Excerpt from Shadows in the Vineyard by Maximillian Potter, plus links to reviews, author biography & more

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Shadows in the Vineyard

The True Story of a Plot to Poison the World's Greatest Wine

by Maximillian Potter

Shadows in the Vineyard
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  • First Published:
    Jul 2014, 304 pages
    Jul 2015, 304 pages

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Book Reviewed by:
Poornima Apte

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Print Excerpt

SHADOWS IN THE VINEYARD: The True Story of the Plot to Poison the World's Greatest Wine

The chamber the man had built for himself was small and dark, filled with a kind of disquieting energy. The very same things, in fact, could be said for his mind.

It was a late fall night in 2009, and inside that small, dark space, he began to stir. A barely audible click, then a light—his headlamp.

He had been lying down, not so much resting as he was waiting for nightfall. Now that it was about 1 a.m., just when he was certain the world around him was asleep, he rose and readied himself.

He was short and squat, with a thick neck and a head like a canned ham. He shuffled about as one tends to do in darkened, cramped quarters. He bumped into things. He was groggy. His breathing heavy. Always, there was wine in his blood.

As the man moved, his tiny spotlight moved with him, darting here and there, illuminating his surroundings in flashes: four walls, a couple of center posts, a roof. The framework formed a chamber no larger than eighty square feet. The limbs that served as vertical supports were anchored into a dirt floor. Wall and ceiling unions bound together by rope and L-brackets. Exterior walls and roof made of blue plastic tarps stretched taut. Blue plastic also covered the floor and on top of the plastic, like a flower floating on a mud puddle, a brightly colored door mat. The overall aesthetic of the place was akin to Robinson Crusoe meets the Unabomber.

The interior felt vacuum-sealed. The trapped air was greenhouse humid, weighted atmosphere, invisible cobwebbing, stale. Tolerably uncomfortable. That the space was subterranean, burrowed into the earth like a giant weasel warren, was palpable. So, too, were the smells: plastic of the tarps, dirt, body odor, laundry in need of washing, pungent cheese, stale wine.

Along the east wall was a cot, also made of tree branches and topped with a foam mat and a sleeping bag. Against the west wall a hot plate, pots and pans, and a narrow table—a plywood top affixed to tree-branch legs. On the floor, around the interior perimeter, plastic bins were neatly stacked, even under the cot and table. Tight. Well organized. All in all, an efficient use of meager space, correctly giving the impression that this was someone accustomed to making use of a confined room.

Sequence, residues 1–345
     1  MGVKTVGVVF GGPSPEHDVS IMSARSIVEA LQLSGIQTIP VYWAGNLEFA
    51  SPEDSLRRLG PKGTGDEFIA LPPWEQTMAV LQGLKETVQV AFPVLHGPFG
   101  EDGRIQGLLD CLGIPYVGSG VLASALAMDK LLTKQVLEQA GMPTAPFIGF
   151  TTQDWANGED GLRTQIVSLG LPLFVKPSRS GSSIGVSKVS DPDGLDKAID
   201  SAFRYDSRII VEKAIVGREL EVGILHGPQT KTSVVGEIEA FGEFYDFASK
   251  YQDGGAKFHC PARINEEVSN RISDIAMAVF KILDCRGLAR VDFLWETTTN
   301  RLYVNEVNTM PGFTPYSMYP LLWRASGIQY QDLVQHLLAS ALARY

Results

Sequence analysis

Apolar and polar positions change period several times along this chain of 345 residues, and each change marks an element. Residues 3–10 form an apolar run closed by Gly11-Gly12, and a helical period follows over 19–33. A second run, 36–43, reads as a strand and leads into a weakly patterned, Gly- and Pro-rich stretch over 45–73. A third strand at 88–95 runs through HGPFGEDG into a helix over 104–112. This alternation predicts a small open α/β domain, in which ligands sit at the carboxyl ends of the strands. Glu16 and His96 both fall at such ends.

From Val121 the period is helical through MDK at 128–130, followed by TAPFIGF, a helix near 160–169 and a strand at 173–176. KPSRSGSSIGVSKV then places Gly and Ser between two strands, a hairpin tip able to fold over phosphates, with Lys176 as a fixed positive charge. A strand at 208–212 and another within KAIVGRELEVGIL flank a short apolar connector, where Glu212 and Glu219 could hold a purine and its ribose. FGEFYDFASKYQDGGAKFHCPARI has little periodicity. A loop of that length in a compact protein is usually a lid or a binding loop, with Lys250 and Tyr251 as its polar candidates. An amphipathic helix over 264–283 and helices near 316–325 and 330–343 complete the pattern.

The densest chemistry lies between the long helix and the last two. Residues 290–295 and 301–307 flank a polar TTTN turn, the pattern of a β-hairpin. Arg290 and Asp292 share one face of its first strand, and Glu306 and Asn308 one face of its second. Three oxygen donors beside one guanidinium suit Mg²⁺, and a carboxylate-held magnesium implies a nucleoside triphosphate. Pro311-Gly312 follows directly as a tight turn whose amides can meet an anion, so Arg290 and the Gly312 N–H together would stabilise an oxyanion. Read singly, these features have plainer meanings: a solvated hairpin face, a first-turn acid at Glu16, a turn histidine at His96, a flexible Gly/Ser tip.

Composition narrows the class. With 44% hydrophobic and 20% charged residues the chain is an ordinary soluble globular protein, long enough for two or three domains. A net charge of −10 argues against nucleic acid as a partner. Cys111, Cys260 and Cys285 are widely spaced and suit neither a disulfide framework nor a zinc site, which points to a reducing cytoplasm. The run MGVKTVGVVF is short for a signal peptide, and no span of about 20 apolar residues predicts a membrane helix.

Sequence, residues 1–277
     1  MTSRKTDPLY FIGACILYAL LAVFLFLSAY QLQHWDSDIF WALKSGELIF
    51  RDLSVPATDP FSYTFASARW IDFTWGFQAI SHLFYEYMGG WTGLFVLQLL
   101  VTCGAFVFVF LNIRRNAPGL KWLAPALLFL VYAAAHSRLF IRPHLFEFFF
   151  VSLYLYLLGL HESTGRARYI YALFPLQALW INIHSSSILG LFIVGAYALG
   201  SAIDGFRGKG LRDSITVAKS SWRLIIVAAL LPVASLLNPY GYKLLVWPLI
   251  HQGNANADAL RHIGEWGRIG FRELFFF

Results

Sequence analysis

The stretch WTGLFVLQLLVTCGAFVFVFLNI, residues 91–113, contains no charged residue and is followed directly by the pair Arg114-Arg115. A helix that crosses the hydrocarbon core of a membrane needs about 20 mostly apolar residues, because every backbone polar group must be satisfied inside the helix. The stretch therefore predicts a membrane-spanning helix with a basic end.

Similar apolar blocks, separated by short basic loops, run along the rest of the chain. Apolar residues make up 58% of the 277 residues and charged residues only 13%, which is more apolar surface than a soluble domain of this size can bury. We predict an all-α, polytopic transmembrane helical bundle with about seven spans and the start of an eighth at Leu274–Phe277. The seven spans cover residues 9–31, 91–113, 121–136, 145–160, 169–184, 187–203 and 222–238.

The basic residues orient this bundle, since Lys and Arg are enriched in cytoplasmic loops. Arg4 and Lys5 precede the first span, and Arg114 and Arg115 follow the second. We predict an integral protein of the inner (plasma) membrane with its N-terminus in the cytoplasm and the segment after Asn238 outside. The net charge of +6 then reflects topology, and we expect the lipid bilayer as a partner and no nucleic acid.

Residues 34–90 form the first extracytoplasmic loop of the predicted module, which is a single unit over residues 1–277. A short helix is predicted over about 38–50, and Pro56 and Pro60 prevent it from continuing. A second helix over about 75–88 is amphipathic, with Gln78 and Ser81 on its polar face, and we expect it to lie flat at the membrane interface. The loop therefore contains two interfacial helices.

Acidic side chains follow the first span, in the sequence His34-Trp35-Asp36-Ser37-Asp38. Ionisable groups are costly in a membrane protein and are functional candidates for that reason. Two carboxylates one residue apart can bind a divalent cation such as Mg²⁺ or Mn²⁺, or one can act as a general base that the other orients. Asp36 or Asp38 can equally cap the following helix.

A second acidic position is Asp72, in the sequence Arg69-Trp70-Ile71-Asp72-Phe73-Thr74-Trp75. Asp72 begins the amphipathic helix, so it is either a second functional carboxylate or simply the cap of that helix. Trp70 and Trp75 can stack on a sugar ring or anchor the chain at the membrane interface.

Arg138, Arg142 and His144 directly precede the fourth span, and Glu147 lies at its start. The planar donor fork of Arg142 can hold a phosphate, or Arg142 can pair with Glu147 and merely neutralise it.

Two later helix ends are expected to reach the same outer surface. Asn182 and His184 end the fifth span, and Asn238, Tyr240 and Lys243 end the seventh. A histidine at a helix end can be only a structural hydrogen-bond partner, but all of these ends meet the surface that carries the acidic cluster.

An array of items was scattered on his makeshift table: a clock-radio, an MP3 player, work gloves, a jar of moutarde, a Tupperware container of carottes, a small wheel of Lepetit brand cheese, a pair of bent and smudged bifocals, a diary-like notebook. And there was a magazine—one of those large-format, richly colored glossies. In the headlamp's light the magazine's cover shined like a polished pearl. It was titled Bourgogne Aujourd'hui, or "Burgundy Today," a periodical dedicated to Les Vins et les Vignobles de Bourgogne, "The Wines and Vineyards of Burgundy." One of the stories in that issue was a feature on the legendary Domaine de la Romanee-Conti.

Of the world's twenty-five top-rated wines, the Domaine de la Romanee-Conti regularly places seven: Richebourg, Echezeaux, Grands Echezeaux, La Tache, Romanee-St.-Vivant, the Domaine's only white grand cru, Montrachet, and the world's very best wine, which is the winery's namesake grand cru, Romanee-Conti. For its unparalleled and sustained excellence, the Domaine de la Romanee-Conti is known by wine critics and serious oenophiles around the world and frequently referred to by its initials, or simply as the Domaine.

The article noted the insatiable market—the legal and otherwise "gray" market—for the wine. This, despite the fact that not surprisingly the wines also happen to be among the very most expensive in the world. A bottle of the Domaine's least expensive wine, Echezeaux, in the most recent vintage available, which is typically the least expensive vintage of any wine, was then going for about $350. For a single bottle of the Domaine's priciest wine, Romanee-Conti, the cost was roughly ten times that of the Echezeaux, at $3,500.

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From the book Shadows in the Vineyard: The True Story of the Plot to Poison the World's Greatest Wine. Copyright (c) 2014 by Maximillian Potter. Reprinted by permission of Twelve/Hachette Book Group, New York, NY. All rights reserved.

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